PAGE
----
Gear & Equipment

The 14 Best Basecamp Tents for Family Camping

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the best tents for family camping

Sleeping to the mountain sounds while snuggling with your precious den of children and a lovely inamorata has few rivals for time well spent. Some summer nights I'd much rather go without the shelter and toss a bag on good ol' terra firma plus nature's own pine needles, but those opportunities are so few when camping as a family. So a tent it is. But which tent is the best for family camping? It's a harder question to answer than you might think. What's the criteria? Standing room? Waterproofiness? One-person pitch? Bang-for-buck? Space for adult hanky-panky? Yes, yes, yes, yes, and yes. Right?

So, I think I've found them. Here are 14 sweet basecamp family tents you might want to consider for your tribe, each with several important elements that aim for comfortable family camping. Alas, some have standing room, built-in shade awnings, privacy areas, speedy pitch, one-person set up . . . Still, the tents you'll find here house between 4 and 14 people. All tents come in several sizes. So if one catches your eye but seems too big or small, your size is available. I do include data on square footage, maximum interior height, and price to help guide your hunt, but I just didn't include every size available for every family tent — this list would be endless. Weight is not much of a consideration here because we're talking about basecamping, but some of these would work for backpacking.

There are four undeniable facts about family tents:

  1. Good standing room, ability to hold up to significant wind, and ease of set-up are a trifecta of magic that's hard to come by. To gain in one category you give up in another. Unless you're willing to pay for it all.
  2. All tents are either dome style or cabin style. Domes, of course, handle the wind much better than cabins, but the wall slope reduces your livable space, and frequently reduces the maximum height in a tent. Cabin style tents have steeper walls, therefore improved use of square footage, but worse durability in wind, snow, and heavy weather.
  3. Family tents are big and require a big, flat space
  4. You get what you pay for.

Good people of the internet, knock yourself out. Gallery follows of some of the best family camping tents:

Browsing tip: click a thumbnail to see a larger version and a full description below the photo. Control arrows are lower left of photo.

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Wyoming Trail 4 by Big Agnes

Capacity: 4 person
Tent area: 65 sf (32.5 each side)
Vestibule area: 49 sf
Max height: 72" inside the vestibule
Price: $499

Eventually, and when the kids get old enough, you come to a crossroads even if you are into attachment parenting. Children grow up and want their own space. Perhaps you'd like to keep the magic of your marriage kindled with some private snuggle time? Big Agnes has a solution in the Wyoming Trail 4 family camping tent. A slightly improved take on the "privacy screen" that large cabin tents incorporate, the Wyoming Trail 4 is more like two tents that share poles, making set up as painless as possible while improving some privacy.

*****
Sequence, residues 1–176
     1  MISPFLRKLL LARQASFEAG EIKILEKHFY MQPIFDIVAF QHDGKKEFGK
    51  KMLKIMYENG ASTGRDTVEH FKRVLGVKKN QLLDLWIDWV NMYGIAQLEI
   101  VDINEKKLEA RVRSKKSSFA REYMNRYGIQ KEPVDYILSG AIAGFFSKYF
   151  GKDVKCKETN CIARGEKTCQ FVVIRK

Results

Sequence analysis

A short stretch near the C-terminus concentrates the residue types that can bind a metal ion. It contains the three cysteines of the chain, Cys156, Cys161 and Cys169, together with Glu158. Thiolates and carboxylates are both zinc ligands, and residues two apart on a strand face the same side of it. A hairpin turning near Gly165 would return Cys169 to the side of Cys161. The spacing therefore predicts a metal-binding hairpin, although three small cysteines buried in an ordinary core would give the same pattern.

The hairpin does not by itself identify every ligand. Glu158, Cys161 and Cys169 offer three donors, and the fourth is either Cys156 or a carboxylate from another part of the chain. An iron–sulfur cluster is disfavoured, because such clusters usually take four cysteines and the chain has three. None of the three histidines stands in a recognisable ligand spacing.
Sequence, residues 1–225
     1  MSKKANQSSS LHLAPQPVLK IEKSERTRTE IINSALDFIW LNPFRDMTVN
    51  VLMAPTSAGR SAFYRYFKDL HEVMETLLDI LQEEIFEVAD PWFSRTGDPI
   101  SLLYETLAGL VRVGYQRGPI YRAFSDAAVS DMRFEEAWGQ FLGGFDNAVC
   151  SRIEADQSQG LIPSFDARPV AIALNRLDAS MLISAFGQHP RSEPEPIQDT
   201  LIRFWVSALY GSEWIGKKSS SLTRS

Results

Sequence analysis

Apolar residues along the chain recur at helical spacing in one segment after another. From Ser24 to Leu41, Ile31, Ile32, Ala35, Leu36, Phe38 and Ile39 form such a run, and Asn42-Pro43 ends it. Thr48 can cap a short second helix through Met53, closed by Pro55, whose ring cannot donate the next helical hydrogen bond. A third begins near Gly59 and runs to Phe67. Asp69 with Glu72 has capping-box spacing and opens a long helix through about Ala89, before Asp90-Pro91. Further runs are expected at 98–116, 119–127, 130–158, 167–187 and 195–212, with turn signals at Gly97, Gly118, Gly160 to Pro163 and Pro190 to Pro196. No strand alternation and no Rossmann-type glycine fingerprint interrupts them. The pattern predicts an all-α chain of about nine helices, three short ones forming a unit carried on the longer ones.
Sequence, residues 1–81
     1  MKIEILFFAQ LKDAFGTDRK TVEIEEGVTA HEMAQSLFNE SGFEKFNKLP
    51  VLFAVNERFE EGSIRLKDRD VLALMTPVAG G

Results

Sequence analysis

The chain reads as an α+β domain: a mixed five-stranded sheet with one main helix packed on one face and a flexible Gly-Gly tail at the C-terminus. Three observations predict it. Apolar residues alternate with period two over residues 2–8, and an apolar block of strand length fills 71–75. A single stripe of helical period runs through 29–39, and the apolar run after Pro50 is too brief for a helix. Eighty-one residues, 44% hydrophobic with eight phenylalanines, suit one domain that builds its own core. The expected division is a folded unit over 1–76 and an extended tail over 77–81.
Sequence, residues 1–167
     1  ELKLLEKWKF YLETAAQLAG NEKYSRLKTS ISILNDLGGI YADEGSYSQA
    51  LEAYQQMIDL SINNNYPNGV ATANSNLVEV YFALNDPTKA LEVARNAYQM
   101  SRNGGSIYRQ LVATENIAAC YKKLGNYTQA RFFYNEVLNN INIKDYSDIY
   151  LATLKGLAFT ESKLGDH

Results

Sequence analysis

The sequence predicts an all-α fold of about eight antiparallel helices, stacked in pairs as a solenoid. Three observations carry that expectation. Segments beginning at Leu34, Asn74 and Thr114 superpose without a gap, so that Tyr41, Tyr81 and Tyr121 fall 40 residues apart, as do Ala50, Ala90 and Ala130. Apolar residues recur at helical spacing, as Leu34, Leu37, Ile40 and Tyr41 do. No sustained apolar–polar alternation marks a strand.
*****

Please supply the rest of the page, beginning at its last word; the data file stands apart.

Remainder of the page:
In fact, a review by Outside Magazine's Raising Rippers reveals it: "It went up on the first try, which is saying a lot for a tent this size. For starters, there are only four poles . . . The poles attach with clips, not sleeves, which makes set-up even speedier. It took two of us to sling the rain fly on, which attaches easily with buckles to the base of the tent." (Read the rest)

The tent comes with the fly that creates the covered vestibule in the middle, and there's a door on both sides of the shared vestibule so you can prop up either side (or both) for a shady retreat.

Big Agnes earned an Editor's Choice Award from Backpacker Magazine for the exceptionally comfy Q-Core insulated sleeping pad, which should speak to the fact that this tent comes from a serious player.

Info / Buy >>>

Comments   

 
Gavin
+4 / -6
# Gavin 2013-09-29 14:22
We used a BA Big House 6 for our 16 trip up the coast to Victoria and other parts of BC last year. Set-up was about 5 minutes in a rush, and tear down was about 7-8 to get everything folded. That was us, the two kids, and we had plenty of room.
 
 
Nathan Woods
+8 / 0
# Nathan Woods 2013-11-26 21:37
Mark, nice list, some cool tents in there indeed. However, I feel that omitting the REI Basecamp is something that you might wish to address. It's doesn't have the headroom of the Hobitat, but it is far more wind and storm resistant. My family has been using our BaseCamp 6 for nearly a decade now, supplemented occasionally with our BaseCamp 4 when it's fewer of us on the trip. Remember the snowy Mojave run a few years ago? nwoods.smugmug.com/.../...
 
 
Mark Stephens
+1 / -1
# Mark Stephens 2013-11-26 21:57
Simply put, I preferred the Kingdom series over the Basecamp. But you're not the only one to give me the ol' what-about-the- tent-I-use routine. I think it might be time to collect another list of tents for a Part II.

On another note, Nathan, it really makes me happy to hear from you once again. I haven't seen you in a long time. Another thing that ought to be addressed.
 
 
Nathan Woods
0 / -1
# Nathan Woods 2013-11-26 22:03
LOL, i know. I died for three years when we had to sell all our offroad stuff. I now have Montero, but still struggling to get the gas money to go places. I need a different career! However, I have been on ExPo a fair amount. So where have YOU been, eh?
 
 
# Guest 2014-02-18 01:16
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# Guest 2014-02-19 14:22
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